For cash-strapped entrepreneurs, the decisions around financing are important ones. However, when you’re already stretched for time, it can be a challenge to navigate the long road to actually having an influx of cash in the bank. When deciding which financing option is best for your company, it’s important to remember that your decision has the potential to affect almost every area of the business. If you need to, consult an expert. Don’t let your small business fall victim to these common financing mistakes.
Not Knowing Your Options
Financing options for small businesses go beyond the traditional bank loan. Things like government grants, award programs, and crowdfunding all have the potential to finance a business. Using alternative methods for raising capital may mean being more creative, however, you could also be able to acquire some funding that doesn’t need repayment. (Read our 5 Alternative Strategies for Start-Up’s blog post to learn more about different small business financing options.)
Not Reading the Fine Print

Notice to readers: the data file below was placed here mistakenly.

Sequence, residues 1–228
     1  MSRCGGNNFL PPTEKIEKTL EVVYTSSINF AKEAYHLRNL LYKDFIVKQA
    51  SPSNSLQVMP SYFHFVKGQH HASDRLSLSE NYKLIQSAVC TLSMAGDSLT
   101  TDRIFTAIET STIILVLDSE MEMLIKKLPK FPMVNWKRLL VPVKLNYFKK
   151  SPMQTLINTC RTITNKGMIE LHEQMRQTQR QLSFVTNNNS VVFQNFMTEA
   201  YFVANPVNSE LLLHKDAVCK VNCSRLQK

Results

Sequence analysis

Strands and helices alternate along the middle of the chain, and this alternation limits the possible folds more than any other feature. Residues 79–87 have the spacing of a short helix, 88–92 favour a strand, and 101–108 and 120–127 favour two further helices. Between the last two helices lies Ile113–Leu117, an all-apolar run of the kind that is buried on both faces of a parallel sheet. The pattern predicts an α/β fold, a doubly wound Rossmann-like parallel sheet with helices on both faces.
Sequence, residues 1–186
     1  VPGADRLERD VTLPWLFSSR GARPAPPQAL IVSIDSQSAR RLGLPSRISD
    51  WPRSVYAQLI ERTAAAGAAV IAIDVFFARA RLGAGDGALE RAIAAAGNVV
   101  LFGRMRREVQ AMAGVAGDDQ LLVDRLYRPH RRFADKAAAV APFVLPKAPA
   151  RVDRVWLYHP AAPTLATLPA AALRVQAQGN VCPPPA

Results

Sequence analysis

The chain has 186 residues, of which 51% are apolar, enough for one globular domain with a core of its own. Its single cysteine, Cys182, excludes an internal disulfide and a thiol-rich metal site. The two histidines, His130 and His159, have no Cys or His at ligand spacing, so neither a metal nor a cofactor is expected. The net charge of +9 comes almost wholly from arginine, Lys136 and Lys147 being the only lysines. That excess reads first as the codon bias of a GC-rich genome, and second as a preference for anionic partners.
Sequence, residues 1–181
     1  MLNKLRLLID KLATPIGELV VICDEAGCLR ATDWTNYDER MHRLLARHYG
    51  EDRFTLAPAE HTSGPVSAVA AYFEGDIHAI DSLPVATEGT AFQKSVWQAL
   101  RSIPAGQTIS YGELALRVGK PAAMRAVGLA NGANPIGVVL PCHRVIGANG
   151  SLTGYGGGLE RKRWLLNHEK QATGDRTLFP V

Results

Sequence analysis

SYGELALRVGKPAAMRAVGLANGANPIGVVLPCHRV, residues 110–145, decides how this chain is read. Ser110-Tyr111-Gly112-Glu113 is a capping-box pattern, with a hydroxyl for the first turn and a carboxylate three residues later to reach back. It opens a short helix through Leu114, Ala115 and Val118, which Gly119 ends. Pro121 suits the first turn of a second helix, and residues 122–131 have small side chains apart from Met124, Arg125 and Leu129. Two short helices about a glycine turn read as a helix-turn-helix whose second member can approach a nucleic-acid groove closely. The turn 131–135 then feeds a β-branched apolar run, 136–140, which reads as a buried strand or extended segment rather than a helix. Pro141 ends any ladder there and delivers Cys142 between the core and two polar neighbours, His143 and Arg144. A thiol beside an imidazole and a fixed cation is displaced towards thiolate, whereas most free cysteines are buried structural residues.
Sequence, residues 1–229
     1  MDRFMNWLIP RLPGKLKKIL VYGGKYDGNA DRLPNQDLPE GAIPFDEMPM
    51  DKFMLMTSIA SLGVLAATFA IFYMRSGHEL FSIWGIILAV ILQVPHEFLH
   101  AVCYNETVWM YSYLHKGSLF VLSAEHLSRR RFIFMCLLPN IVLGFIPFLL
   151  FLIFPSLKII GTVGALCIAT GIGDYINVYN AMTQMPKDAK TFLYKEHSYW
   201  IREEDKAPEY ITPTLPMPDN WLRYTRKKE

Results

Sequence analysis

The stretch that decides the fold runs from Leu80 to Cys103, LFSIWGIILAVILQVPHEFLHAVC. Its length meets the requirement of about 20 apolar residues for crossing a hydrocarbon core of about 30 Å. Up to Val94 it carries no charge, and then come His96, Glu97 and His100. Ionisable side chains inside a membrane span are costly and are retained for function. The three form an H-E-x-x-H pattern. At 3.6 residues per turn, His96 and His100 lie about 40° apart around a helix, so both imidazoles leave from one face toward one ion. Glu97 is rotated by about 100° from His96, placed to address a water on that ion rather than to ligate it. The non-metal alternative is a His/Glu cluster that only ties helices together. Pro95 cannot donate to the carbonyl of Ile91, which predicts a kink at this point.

When borrowing money, it often comes with additional fees, such as application fees, contract fees, administrative fees, and more. In some cases, those fees are only mentioned in the fine print of your contract. Therefore it’s important to take the time to read everything before accepting a loan for your business. Even small fees can have a big impact on your company over time, and depending on how quickly you pay your loan back, have an effect on your actual interest rate.
Forgetting that Time is Money
When choosing the financing option that’s right for your business, keep in mind the time it will take before your company actually receives any money. Look for lenders or financing options that match the speed at which your business moves so that you can spend your time making money, rather than worry about trying to get it in the first place. If you’re looking to take on additional work or buy inventory, keep those dates in mind to ensure they line up with the timing of your chosen financing method.
Not Forecasting Costs Accurately
If you don’t have a good understanding of your cash flow, you’re hindering your ability to build a strong company. Underestimating expenses is bad for business – and for financing. Miscalculating the numbers leads new businesses to underestimate the amount of financing they need; leaving them either strapped for cash or forced to go through another potentially lengthy financing application process. Therefore it’s incredibly important that entrepreneurs be realistic about potential revenue and the costs of starting a company.
We’ve helped plenty of start-ups and small businesses achieve their financing goals with accurate planning and forecasting. Contact us to learn more.